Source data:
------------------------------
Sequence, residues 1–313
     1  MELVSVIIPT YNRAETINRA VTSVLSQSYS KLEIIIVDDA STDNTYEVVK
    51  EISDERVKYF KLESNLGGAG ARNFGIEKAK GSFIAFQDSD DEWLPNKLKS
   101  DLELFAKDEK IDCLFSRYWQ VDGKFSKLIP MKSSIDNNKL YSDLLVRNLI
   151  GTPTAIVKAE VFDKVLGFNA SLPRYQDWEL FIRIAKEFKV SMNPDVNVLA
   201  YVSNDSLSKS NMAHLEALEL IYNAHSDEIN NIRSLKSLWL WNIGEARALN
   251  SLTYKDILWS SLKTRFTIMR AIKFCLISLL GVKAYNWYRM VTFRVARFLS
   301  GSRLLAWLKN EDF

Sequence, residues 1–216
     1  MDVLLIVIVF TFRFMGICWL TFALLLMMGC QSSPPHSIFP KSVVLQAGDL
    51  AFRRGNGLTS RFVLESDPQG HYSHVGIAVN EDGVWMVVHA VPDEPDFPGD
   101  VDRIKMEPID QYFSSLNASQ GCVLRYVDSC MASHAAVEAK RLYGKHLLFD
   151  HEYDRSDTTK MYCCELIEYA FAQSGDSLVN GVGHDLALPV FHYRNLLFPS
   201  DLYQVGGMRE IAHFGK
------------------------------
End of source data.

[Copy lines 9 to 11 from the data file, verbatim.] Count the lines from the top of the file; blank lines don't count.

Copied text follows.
Sequence, residues 1–216
     1  MDVLLIVIVF TFRFMGICWL TFALLLMMGC QSSPPHSIFP KSVVLQAGDL
    51  AFRRGNGLTS RFVLESDPQG HYSHVGIAVN EDGVWMVVHA VPDEPDFPGD